Cellulite! I have it. My ass-and-back-of-thigh area, specifically, has it. I have a thin frame that has always fit into the standards of beauty pushed forth by the media, fashion industry, and general celebrity culture industrial complex, and yet the cellulite-y part of my body is an area that has always refused to fit the silky-smooth body ideals we’re used to seeing in razor ads and reality TV.
And, until I made a conscious change this year (thanks for the inspo, uplifting tweets and body-inclusive Instagram posts!), the voice in my head would automatically say “yuck” each time I’d look in the mirror and see cellulite.
From an early age, I’ve been taught to think cellulite is something shame-inducing, a personal failure, an unpreventable thing that somehow women are still supposed to feel bad about not preventing. When I was 12 or 13, I remember there was a news item on a morning talk show about Howard Stern asking Ben Affleck if his then-girlfriend Jennifer Lopez (Is it dating myself to remember Bennifer so vividly? Probably…) had cellulite on her very renowned backside. Affleck answered that question with a casual “no,” as if Stern’s question was a normal thing to be asked about one’s girlfriend, and as if cellulite was something that beautiful people weren’t supposed to have.
(Also can we talk for a second about how the word “cellulite” has the worst mouthfeel ever? It feels like a crappy cleaning product from the ‘50s, or an evil chemical crafted by a comic book villain.)
This summer, every time I turned around to see how my jorts were looking from the back (as one does) I saw my cellulite, and my initial response, as it has been ever since the cellulite first appeared, was to think, Ugh, this is gross. This looks bad. I wish it would go away.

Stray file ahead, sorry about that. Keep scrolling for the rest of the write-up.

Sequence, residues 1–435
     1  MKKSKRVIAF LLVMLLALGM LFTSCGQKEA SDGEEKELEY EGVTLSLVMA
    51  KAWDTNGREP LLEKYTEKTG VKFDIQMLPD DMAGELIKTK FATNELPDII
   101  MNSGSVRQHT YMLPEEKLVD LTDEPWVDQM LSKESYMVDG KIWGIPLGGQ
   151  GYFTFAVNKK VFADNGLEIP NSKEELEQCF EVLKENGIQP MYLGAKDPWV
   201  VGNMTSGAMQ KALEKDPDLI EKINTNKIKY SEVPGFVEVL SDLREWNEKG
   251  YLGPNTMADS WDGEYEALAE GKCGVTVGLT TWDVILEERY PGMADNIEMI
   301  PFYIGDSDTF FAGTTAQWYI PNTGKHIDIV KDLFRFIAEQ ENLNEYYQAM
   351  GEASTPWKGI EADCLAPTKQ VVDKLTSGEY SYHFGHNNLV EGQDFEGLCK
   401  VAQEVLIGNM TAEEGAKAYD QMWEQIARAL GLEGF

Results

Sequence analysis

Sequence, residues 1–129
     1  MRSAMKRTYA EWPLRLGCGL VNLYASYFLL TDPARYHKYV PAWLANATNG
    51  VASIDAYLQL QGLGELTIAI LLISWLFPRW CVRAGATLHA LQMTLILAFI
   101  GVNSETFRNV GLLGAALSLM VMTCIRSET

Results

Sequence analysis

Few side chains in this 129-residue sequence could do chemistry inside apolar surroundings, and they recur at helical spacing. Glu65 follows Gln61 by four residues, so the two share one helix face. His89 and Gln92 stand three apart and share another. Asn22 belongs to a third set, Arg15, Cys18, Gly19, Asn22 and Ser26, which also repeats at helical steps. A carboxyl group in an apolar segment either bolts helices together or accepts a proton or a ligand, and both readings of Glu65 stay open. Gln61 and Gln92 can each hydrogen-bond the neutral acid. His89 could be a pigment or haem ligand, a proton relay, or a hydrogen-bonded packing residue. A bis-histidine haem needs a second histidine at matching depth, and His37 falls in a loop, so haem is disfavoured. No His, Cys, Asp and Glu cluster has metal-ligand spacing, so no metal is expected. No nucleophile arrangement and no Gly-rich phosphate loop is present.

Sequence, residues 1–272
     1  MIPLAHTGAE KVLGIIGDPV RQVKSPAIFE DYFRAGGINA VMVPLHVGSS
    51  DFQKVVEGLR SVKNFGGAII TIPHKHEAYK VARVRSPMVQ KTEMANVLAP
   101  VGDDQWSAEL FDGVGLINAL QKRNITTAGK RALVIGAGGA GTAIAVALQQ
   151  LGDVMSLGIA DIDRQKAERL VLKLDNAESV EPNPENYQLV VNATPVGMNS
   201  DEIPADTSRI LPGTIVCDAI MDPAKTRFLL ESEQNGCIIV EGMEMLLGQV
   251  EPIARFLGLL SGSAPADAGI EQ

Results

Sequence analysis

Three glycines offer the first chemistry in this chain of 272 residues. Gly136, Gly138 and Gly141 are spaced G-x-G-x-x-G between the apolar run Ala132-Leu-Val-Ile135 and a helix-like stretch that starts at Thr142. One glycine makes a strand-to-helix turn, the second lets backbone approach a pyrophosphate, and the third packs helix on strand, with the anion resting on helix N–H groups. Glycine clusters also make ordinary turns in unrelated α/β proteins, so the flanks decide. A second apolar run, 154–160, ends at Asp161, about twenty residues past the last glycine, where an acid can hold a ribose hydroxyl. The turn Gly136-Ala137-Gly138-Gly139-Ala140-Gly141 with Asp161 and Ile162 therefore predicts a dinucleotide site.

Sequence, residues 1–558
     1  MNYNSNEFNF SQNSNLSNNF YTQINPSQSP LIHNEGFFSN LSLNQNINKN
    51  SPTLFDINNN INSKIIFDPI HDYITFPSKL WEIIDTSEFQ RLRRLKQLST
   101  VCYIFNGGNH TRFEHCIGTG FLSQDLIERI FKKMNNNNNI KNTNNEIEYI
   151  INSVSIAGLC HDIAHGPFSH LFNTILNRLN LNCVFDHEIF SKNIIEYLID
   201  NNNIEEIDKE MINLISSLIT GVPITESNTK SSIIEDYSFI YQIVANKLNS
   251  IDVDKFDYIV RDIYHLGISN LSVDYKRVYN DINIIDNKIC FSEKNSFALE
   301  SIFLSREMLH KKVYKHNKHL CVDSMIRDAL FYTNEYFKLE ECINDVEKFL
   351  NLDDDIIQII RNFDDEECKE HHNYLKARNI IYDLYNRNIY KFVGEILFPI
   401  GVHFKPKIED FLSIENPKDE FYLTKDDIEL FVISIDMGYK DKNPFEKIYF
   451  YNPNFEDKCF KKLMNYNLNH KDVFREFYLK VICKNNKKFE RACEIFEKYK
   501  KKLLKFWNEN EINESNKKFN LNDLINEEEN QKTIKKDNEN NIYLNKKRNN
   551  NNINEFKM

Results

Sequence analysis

The body inclusivity movement has pushed for visibility of real bodies: dimpled, squishy, hairy, unruly bods that all look incredible.
But the idea of what kinds of bodies and bodily features are allowed to be seen in pop culture has been changing. The body inclusivity movement has pushed for, among other things, visibility of real bodies: dimpled, squishy, hairy, unruly bods that all look incredible. Over the past year, my Instagram feed has gradually filled with women and non-binary folks celebrating the wonderful idiosyncrasies of their physical shapes, and the more I saw of this, the more I realized how narrow a view of beauty I had. Just think about what a newsworthy event it was when an Outdoor Voices Instagram advertisement showed a runner with visible cellulite. I saw that ad in my feed and thought, Hey! I, too, am a runner with cellulite. Also, those shorts are cute.
And so by August and September, I started to train my brain to drown out the insecurities, to immediately follow the “yuck,” with a “wait, no, nope, you look great and nothing about this is gross at all.”
My cellulite isn’t a personal failure—it’s a feature of my body that happens to accentuate my legs, which run a half marathon with my mom every year, and my ass, which has been shaken to Outkast’s “Hey Ya” at wedding dance floors across the country. It’s going to take a while to prevent that mental “yuck” from happening entirely, but for now, I’m happy to have that secondary voice chiming back to insist these dimples I have aren’t bad, or wrong, or shameful—they’re just part of me, and that means they’re worth liking.
While we’re on the topic of self-love, here’s why we need to stop conflating weight with self-worth. And here are 5 psychologist-approved ways to tame shame.
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